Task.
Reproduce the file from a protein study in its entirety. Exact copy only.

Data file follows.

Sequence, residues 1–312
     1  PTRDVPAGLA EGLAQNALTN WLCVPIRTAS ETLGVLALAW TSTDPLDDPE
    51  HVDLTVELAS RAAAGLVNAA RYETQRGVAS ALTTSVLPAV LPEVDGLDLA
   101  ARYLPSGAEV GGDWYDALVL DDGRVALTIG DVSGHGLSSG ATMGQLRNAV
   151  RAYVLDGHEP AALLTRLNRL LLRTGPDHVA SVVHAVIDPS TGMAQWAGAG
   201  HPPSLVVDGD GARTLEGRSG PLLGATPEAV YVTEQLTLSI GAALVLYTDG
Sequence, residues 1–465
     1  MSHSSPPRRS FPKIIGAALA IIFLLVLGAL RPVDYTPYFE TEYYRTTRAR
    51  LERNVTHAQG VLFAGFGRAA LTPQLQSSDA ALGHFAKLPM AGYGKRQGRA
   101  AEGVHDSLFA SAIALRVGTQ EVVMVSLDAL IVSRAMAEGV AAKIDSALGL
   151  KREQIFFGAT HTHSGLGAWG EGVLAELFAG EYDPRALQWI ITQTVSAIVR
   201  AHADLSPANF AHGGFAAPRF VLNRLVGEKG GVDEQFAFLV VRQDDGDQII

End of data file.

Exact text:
Sequence, residues 1–312
     1  PTRDVPAGLA EGLAQNALTN WLCVPIRTAS ETLGVLALAW TSTDPLDDPE
    51  HVDLTVELAS RAAAGLVNAA RYETQRGVAS ALTTSVLPAV LPEVDGLDLA
   101  ARYLPSGAEV GGDWYDALVL DDGRVALTIG DVSGHGLSSG ATMGQLRNAV
   151  RAYVLDGHEP AALLTRLNRL LLRTGPDHVA SVVHAVIDPS TGMAQWAGAG
   201  HPPSLVVDGD GARTLEGRSG PLLGATPEAV YVTEQLTLSI GAALVLYTDG
Sequence, residues 1–465
     1  MSHSSPPRRS FPKIIGAALA IIFLLVLGAL RPVDYTPYFE TEYYRTTRAR
    51  LERNVTHAQG VLFAGFGRAA LTPQLQSSDA ALGHFAKLPM AGYGKRQGRA
   101  AEGVHDSLFA SAIALRVGTQ EVVMVSLDAL IVSRAMAEGV AAKIDSALGL
   151  KREQIFFGAT HTHSGLGAWG EGVLAELFAG EYDPRALQWI ITQTVSAIVR
   201  AHADLSPANF AHGGFAAPRF VLNRLVGEKG GVDEQFAFLV VRQDDGDQII